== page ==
4. Tools to study FGF21

a. cDNA clones

Mammalian expression vector for human Fgf21 is available in which Fgf21 cDNA was cloned in pcDNA3.1 vector (33).

b. Antibodies

Antibodies raised against FGF21 are commercially available from various suppliers. We have used anti-FGF21 (R & D Systems, goat polyclonal) in our lab for western blotting.

c. Recombinant FGF21

In order to see the impact on cultured cells and in vivo administration, recombinant human FGF21 has been purified in the Escherichia coli using a pET30a vector (15).

d. Mouse lines

There are at least 4 Fgf21 knockout and transgenic mouse lines available. Both Fgf21 knockout and transgenic mice are viable and fertile. Mouse line with targeted deletion of Fgf21 using pGTN29 vector has been generated which replaced part of exon 1, all of exon 2 and 5’ region of exon 3 of Fgf21 with neomycin resistance gene (1) and is available from Eleftheria Maratos-Flier. Another Fgf21 knockout line has been described in which part of exon1 and all of exons 2 and 3 have been replaced with IRES-LacZ-polyA/PGK-neo cassette (8). This line is available from Nobuyuki Itoh. To specifically knockdown Fgf21 in mice, adenovirus vectors encoding shRNA against Fgf21 has also been described (2).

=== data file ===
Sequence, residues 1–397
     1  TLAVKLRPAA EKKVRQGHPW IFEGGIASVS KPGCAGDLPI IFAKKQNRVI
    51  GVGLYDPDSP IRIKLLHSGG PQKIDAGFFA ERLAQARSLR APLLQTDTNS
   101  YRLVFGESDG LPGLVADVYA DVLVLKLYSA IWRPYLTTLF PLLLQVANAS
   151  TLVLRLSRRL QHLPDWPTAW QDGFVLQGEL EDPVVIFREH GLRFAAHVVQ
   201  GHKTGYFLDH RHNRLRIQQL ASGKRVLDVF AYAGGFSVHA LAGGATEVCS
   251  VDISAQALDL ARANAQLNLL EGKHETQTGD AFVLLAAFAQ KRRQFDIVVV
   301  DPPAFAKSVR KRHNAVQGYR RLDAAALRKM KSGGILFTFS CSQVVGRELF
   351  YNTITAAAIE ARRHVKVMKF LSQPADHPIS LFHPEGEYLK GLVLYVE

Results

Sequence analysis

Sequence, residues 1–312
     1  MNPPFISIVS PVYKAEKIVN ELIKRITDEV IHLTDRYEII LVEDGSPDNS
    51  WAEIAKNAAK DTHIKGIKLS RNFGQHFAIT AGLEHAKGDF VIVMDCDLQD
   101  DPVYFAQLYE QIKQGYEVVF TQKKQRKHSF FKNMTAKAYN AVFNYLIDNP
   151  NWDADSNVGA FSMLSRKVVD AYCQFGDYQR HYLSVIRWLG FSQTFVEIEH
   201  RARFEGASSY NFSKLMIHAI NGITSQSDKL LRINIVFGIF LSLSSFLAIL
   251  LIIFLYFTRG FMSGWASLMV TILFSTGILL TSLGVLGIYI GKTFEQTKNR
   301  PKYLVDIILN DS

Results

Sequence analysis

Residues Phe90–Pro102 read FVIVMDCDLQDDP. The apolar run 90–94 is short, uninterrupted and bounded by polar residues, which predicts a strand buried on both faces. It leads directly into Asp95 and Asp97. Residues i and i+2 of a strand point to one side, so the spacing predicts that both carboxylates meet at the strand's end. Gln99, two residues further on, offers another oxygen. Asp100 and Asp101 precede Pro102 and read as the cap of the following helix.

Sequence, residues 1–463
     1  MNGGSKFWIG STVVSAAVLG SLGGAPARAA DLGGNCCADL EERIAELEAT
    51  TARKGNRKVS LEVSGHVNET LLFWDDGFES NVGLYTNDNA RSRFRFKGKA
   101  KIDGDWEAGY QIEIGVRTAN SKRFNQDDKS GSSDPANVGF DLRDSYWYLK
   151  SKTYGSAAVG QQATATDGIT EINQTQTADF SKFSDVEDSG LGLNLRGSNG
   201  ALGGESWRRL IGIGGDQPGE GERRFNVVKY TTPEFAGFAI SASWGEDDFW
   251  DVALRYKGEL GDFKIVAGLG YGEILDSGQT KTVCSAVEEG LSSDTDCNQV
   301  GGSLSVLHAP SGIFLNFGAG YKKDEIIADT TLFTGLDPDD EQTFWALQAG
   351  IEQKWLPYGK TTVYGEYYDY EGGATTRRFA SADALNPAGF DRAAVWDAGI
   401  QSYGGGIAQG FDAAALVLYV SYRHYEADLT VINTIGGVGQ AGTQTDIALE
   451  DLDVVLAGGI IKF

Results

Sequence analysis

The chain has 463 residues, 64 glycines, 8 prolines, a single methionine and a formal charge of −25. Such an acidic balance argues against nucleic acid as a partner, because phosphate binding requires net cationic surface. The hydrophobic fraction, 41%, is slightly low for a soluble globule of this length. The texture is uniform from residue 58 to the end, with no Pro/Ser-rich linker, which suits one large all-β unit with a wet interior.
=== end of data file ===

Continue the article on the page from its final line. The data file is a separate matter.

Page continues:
Transgenic mouse line expressing human Fgf21 cDNA under the control of apolipoprotein E (ApoE) promoter has also been described (15) and is available from Alexei Kharitonenkov. Another transgenic mouse line expressing mouse Fgf21 coding sequence under ApoE promoter has also been independently generated (10) and is available from Steven Kliewer.

e. siRNA

To specifically knockdown Fgf21 in cultured cells, siRNA sequences have been described (18). siRNAs are also available from various commercial suppliers.

Acknowledgement: I am thankful to Dr. Christopher Pin for the inspiration and discussion.

5. References

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  2. Badman MK, Pissios P, Kennedy AR, Koukos G, Flier JS, Maratos-Flier E. Hepatic fibroblast growth factor 21 is regulated by PPARalpha and is a key mediator of hepatic lipid metabolism in ketotic states. Cell Metab. 5:426-437, 2007. PMID: 17550778